On the 1 July 2010, around 1,000 farmers attended a Building an Efficient Suckler Herd event at the College of Agriculture, Food and Rural Enterprise (CAFRE) Hill Farm at Glenwherry, midway between Larne and Ballymena in Co Antrim.
As is usual at such events, the farm was tidy, the stock on show were carefully selected and the advice given was timely and relevant.
But there was also a recognition that there was work to be done, with a 100-cow suckler herd that was delivering a margin of £243 (€286) per cow.
At the time, the head of beef and sheep development at CAFRE, Dr William Mc Lauchlan, talked about the farm being on a journey.
That journey began in the late 1990s when the decision was taken to fundamentally change the suckler herd on the farm. Up to then, it had relied on sourcing mainly Limousin-cross heifers from the dairy unit at Greenmount Campus outside Antrim.
Initially served to the Limousin, the mature cows were then put to Charolais bulls, with the resultant calves taken back to Greenmount for finishing.
The problem was the increasing Holstein influence in the Limousin crosses. In practice, the cow was not able to perform in the hill environment, so replacement rate was high. The fact that 100 cows were calved in three batches (spring, summer and autumn) with cows moving from one group to the next, was a good indicator that fertility was an issue.
An initial option was to source traditional west of Ireland heifers more suited to the conditions, but concerns about bringing in disease led to a decision to breed replacements from within the herd.
From the early 2000s the herd has been self-contained, and focused on breeding a three-breed cross using Aberdeen Angus, Beef Shorthorn and Limousin bulls selected with strong maternal characteristics.
The aim is to put Beef Shorthorn-sired cows to a Limousin bull, Limousin-sired cows to the Angus bull and Angus-sired cows to the Beef Shorthorn bull.
By 2010, significant progress was being made. A calving index (number of days from one calving to the next) of 384 days was still slightly high, but well below the industry average of around 400 days. However, the majority of heifers were still entering the herd at 30 to 36 months of age.
The gross margin of £243 (€286) per cow was just above the then NI average across benchmarked herds of £238 (€280) per cow.
Achieving the targets set in 2010
At the CAFRE Hill Farm event in 2010, the target was set to move the gross margin per cow from £243 (€286) to £425 (€500).
Information was presented which suggested that up to £130 (€153) more per cow could come from improved fertility and genetics, an extra £30 (€35) from switching heifers to 24-month calving and up to £36 (€42) per cow from controlling cow size and maximising the value of culls.
As shown in Table 1, with those changes implemented over the last 10 years, performance has improved, and the target gross margin has been hit.
However, the data also highlights the variability in margins across the years. High beef prices in 2016/17 boosted returns, but the market was under more pressure in 2018 and 2019. The figures for 2020/21 and 2021/22 should also come out above average.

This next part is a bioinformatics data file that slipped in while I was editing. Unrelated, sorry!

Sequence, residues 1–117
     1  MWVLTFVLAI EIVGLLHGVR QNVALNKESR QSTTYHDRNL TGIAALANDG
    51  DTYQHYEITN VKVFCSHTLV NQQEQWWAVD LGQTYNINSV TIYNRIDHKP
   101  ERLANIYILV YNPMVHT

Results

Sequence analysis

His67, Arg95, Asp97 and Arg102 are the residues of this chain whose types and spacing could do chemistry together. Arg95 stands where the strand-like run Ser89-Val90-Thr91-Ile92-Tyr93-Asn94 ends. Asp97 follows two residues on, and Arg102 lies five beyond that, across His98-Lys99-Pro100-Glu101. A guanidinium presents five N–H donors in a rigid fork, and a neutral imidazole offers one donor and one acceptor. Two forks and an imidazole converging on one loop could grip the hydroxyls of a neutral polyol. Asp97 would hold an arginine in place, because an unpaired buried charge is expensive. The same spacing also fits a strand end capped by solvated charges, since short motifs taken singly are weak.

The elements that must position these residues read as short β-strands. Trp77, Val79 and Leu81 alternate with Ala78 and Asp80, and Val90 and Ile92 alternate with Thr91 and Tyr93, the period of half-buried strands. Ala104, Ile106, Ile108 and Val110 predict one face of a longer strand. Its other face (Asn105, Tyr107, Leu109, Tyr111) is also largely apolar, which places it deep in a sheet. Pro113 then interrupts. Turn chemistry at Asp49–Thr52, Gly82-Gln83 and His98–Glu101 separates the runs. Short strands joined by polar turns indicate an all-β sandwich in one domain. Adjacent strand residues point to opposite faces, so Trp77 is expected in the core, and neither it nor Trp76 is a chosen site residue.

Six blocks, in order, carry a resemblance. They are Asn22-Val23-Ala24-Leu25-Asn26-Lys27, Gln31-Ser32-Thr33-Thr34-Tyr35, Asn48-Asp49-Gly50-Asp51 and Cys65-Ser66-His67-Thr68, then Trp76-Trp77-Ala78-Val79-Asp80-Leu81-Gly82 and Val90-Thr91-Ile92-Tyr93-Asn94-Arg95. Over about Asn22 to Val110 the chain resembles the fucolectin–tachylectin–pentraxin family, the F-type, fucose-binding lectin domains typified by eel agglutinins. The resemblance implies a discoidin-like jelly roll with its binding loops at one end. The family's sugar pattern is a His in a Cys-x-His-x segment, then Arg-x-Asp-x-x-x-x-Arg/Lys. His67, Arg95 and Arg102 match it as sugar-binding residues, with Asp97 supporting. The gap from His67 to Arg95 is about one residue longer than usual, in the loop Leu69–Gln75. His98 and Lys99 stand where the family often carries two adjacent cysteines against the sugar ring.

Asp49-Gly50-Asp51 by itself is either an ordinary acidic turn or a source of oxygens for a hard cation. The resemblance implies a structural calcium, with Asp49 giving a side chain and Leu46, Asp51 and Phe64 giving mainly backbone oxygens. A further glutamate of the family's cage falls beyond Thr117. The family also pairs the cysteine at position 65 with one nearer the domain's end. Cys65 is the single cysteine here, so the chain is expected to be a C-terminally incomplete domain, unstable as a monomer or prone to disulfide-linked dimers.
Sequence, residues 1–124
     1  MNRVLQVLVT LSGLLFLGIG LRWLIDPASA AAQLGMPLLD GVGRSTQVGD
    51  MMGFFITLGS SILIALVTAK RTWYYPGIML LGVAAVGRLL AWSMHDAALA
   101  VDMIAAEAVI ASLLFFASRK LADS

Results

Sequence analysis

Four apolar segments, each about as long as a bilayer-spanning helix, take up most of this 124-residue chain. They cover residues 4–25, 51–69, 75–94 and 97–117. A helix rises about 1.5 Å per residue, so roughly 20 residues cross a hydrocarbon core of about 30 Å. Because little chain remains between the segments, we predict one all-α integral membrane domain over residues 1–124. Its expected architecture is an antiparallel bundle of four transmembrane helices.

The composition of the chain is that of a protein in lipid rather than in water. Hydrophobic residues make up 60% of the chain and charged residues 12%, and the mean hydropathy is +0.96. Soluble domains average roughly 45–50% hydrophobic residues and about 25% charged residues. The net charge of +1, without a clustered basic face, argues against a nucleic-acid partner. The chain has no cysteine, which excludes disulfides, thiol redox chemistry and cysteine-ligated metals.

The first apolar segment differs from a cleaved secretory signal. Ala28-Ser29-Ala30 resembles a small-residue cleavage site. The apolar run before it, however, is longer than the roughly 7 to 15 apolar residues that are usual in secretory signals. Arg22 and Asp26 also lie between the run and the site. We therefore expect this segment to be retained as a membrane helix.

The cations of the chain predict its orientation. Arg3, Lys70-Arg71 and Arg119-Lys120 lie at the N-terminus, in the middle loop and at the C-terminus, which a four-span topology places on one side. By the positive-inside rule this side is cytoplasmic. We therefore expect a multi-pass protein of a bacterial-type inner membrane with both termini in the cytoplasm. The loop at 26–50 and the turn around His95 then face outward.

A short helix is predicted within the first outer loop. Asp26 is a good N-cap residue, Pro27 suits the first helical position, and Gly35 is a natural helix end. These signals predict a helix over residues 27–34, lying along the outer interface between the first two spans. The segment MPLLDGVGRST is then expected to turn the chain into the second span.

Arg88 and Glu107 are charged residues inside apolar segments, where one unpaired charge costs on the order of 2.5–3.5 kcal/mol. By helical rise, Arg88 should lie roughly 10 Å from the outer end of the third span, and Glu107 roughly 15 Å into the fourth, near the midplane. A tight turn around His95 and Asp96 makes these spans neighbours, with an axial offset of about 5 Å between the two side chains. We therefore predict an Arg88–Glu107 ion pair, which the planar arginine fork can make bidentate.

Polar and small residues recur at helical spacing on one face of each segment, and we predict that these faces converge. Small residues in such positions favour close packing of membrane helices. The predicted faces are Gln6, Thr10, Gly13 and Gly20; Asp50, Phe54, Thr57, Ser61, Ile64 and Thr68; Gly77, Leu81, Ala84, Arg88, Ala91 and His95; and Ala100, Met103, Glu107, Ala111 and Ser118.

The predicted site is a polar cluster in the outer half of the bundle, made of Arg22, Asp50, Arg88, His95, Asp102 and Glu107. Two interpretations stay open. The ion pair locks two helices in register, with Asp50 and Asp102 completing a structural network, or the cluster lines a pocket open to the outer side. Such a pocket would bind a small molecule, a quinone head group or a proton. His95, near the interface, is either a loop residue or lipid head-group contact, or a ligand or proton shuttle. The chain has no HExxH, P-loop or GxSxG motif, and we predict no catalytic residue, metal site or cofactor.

“It is the same when assessing any beef enterprise or benchmarking result – it is about looking at a range of performance measures, across a number of years,” maintains Dr Steven Johnston, a senior beef and sheep technologist at CAFRE.
For example, while the calving index of a particular herd may be excellent, it is a figure that can be manipulated by culling out late calvers each year. Therefore, the calving index must be considered in association with the replacement rate and the reappearance rate (percentage of cows calving again within 390 days).
But while you can build data and information, too much data can also start to hinder decision-making.
To provide a strong focus for suckler herds, a new measure of herd efficiency was introduced in 2010 – kg of calf weaned per kg of cow maintained. That figure in 2010 stood at 38%.
It is calculated by weighing both the cow and calf at weaning, and adjusting all calf weights to 200 days old. The target set in 2010 was to get this figure to 50%.
However, the reality is that it is a target that is very difficult to hit, and any herd that is weaning over 40% of cow weight is doing a good job. The experience from the hill farm is that as cows mature and gain weight, herd efficiency can decrease. Therefore, it is important to monitor mature weight and include this trait in the bull selection process.
“For us, doing the calculation provides the evidence for open and honest conversations about the strengths and weaknesses of the herd. There is no point in producing smashing-looking calves if there are not enough kilograms going out through the farm gate.
“While not designed as an individual cow measure, it does allow us to identify those cows that are at the bottom end, and should be culled,” says Steven.
Calving heifers at two years
Like many farms operating on marginal land, heifers were traditionally calved down for the first time at the CAFRE hill farm at around three years old.